It took regular trips down the aisles of the local supermarket for Peter Benz, a 62-year old retiree in suburban Syracuse, N.Y., to finally get his diabetes under control.
But learning how to fight and win the battle of blood sugar at the grocery store, the site of so many dietary downfalls for diabetics, struck some, including his regular physician, as a little odd.
"My doctor joked about it," Benz said. "He said it's like going to an Alcoholics Anonymous meeting in a bar."
But 490-bed Crouse Hospital in Syracuse and Wegmans, a Rochester, N.Y.-based grocery chain, couldn't disagree more. Together with E2M, a Dallas-based disease management company, they have put together an innovative program for delivering diabetes education, counseling and medical care in a convenient super-market setting.
By making it easier for patients to live with their disease, Crouse expects that the diabetes program, launched in August 1997, will reduce treatment costs as it improves patients' health. So far about 200 patients, including Benz, have enrolled, and the preliminary results are encouraging.
A disruption of metabolism that has no cure, diabetes requires diligent attention to diet and lifestyle to avoid such serious complications as blind-ness, kidney failure and loss of limbs. Diabetes takes an expensive financial hit on providers and a heavy personal toll on patients. Nearly 11 million people have been diagnosed as having diabetes, according to the American Diabetes Association. And based on a study using data from 1992, the association said spending on the direct costs of diabetes care was $45 billion-more than $37 billion on hospital care alone.
By taking the diabetes message to the streets, or at least the checkout counter, Crouse, which administers the novel program, and its partners expect to have better luck in getting patients to understand and stick to a healthy regimen. Dietary advice, for instance, is tailored to seasonal variations in eating habits. And pharmacists at drug-store departments of the Wegmans stores are an integral part of the team that works with patients.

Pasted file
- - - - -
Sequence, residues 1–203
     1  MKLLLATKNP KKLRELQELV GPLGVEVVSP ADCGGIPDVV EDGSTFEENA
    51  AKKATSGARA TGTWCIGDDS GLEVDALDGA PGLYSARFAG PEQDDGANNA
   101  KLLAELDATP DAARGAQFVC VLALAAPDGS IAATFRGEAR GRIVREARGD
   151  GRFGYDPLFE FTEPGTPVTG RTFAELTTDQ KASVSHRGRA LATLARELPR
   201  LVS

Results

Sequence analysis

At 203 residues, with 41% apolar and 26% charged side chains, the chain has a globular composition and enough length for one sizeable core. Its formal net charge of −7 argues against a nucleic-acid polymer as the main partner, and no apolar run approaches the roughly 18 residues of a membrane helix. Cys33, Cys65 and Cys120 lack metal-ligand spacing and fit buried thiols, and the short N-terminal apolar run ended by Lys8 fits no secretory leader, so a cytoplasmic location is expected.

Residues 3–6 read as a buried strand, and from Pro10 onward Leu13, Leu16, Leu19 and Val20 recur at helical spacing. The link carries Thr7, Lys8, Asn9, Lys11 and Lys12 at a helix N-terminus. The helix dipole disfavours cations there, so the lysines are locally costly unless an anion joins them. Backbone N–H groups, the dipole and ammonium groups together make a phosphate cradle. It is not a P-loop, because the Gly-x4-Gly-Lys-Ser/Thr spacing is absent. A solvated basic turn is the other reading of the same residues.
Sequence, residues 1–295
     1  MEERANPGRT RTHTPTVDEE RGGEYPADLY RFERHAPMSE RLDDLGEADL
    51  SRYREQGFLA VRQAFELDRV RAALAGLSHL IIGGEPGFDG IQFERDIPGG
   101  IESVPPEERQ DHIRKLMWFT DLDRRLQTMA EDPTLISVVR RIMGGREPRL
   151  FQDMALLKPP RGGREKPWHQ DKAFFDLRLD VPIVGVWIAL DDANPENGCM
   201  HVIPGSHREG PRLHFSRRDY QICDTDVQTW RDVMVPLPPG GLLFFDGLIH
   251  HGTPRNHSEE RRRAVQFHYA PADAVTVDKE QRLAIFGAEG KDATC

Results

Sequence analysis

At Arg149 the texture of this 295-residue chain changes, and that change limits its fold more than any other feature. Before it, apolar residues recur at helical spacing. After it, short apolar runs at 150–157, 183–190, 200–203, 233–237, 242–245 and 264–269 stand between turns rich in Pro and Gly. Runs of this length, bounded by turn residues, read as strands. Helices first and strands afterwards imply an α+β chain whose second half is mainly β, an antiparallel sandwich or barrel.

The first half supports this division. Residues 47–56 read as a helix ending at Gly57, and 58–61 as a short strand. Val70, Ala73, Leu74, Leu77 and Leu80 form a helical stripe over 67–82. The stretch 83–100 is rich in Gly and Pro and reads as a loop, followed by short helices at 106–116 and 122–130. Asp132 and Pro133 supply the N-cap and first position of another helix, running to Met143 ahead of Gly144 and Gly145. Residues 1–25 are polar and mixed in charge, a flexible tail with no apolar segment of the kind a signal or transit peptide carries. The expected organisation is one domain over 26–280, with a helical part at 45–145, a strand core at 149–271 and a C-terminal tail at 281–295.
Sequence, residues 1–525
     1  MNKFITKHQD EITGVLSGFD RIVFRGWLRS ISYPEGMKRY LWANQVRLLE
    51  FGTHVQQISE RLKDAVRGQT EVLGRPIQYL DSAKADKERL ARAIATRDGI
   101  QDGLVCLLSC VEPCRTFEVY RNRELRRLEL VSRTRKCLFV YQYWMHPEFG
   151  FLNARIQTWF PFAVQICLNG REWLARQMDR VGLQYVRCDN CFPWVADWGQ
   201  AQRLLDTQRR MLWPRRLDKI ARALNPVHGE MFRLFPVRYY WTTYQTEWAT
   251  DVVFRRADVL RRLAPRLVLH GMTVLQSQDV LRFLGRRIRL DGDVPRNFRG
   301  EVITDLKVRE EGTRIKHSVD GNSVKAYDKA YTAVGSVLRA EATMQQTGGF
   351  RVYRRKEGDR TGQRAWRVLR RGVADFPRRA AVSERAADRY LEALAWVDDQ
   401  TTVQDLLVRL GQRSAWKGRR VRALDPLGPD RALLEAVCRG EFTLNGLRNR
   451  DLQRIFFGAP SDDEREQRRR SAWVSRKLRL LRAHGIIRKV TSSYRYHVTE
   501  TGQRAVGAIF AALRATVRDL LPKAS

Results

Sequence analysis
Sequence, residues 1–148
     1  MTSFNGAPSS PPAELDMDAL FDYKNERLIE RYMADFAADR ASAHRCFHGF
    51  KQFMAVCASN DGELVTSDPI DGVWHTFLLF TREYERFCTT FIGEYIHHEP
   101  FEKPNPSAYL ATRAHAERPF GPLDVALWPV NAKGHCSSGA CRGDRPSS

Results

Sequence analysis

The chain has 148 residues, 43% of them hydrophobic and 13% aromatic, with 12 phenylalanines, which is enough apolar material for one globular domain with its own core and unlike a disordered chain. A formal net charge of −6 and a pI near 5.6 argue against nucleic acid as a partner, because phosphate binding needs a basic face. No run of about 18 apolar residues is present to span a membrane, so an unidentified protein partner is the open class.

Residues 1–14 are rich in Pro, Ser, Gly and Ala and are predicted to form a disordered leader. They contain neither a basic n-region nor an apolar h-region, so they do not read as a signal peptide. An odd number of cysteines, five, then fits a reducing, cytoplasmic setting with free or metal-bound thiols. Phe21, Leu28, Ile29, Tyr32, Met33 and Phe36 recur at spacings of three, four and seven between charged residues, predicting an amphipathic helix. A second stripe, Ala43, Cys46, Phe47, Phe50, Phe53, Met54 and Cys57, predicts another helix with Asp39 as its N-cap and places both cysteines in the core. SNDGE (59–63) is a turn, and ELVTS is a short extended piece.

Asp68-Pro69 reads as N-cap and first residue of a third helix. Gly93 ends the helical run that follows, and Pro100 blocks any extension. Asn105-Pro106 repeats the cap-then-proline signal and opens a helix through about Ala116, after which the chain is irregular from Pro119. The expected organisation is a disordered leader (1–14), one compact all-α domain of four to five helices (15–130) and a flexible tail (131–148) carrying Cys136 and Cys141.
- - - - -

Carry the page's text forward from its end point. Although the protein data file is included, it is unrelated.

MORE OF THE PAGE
Based on data from a two-year pilot that E2M managed in Corpus Christi, Texas, Crouse should reduce diabetes-related emergency-room visits, cut admissions and shorten length of stay. Annual cost of care per patient in the Texas program dropped to $2,382 from $7,421 before participation.
In the process of changing how it delivers diabetic care, Crouse also is test-driving a future approach to treating chronic disease.
"This is one of our entry forays into disease management," said Edward Wenzke, president and chief executive officer at Crouse. "We are learning as we do this. For us, it's a strategic program that we're happy operationally also works well."
Crouse drew praise by taking health-care outside the four walls of the hospital and putting it where people actually want to spend their time.
"It's exactly on target," said David Shulkin, M.D., a disease management expert at University of Pennsylvania Health System in Philadelphia. "You have to get to people where they are. Everyone's too busy these days, but everyone goes to the supermarket." In fact, E2M estimates the average person makes 80 trips to the grocery story a year.
Besides location, the Crouse program offers a much more intensive approach than the usual diabetes clinic. For instance, the diabetics in the Crouse program get a customized health plan with monthly goals and follow-up visits with dietitians and diabetes educators typically spread out over a year. The supermarket health center-complete with a private classroom and office-is tucked away in one corner of the Wegmans store. (The program is operational in just one store now; a second program is being readied in another store.) It also features an on-site certified clinical laboratory so that patients know how they're doing on key disease indicators before they go home. A status report is faxed to each patient's referring physician as well to close the clinical loop.
By contrast, in the typical diabetes education mode, a dietitian meets with a patient once or twice and sends him on his way.
"I'll teach you everything you need to know for a lifetime in the next hour, and you're expected to remember it forever," said Lawrence Kohn, M.D., co-medical director of the diabetes program, of the usual approach. "It just doesn't work."
For now the emphasis at Crouse is on education, Kohn said, because Syracuse has relatively low managed-care penetration. But, in a few years, when the hospital has greater direct financial responsibility, he's confident that today's investment will pay handsome dividends.
"At the time when we could be asked to assume financial burden for these patients, we'll be handling a better bunch of patients," he said.
The reluctance of some insurers to pay for the program has slowed its rollout. Crouse, which plans to extend the program to other grocery stores, would like to have 500 patients enrolled at the first site after one year. The supermarket health center can serve up to 1,200 patients.
"Lack of insurance coverage is our number one reason for turning patients down," Kohn said. But he is undeterred. "We're aggressively working on that, and the evidence is rock-solid that patients benefit."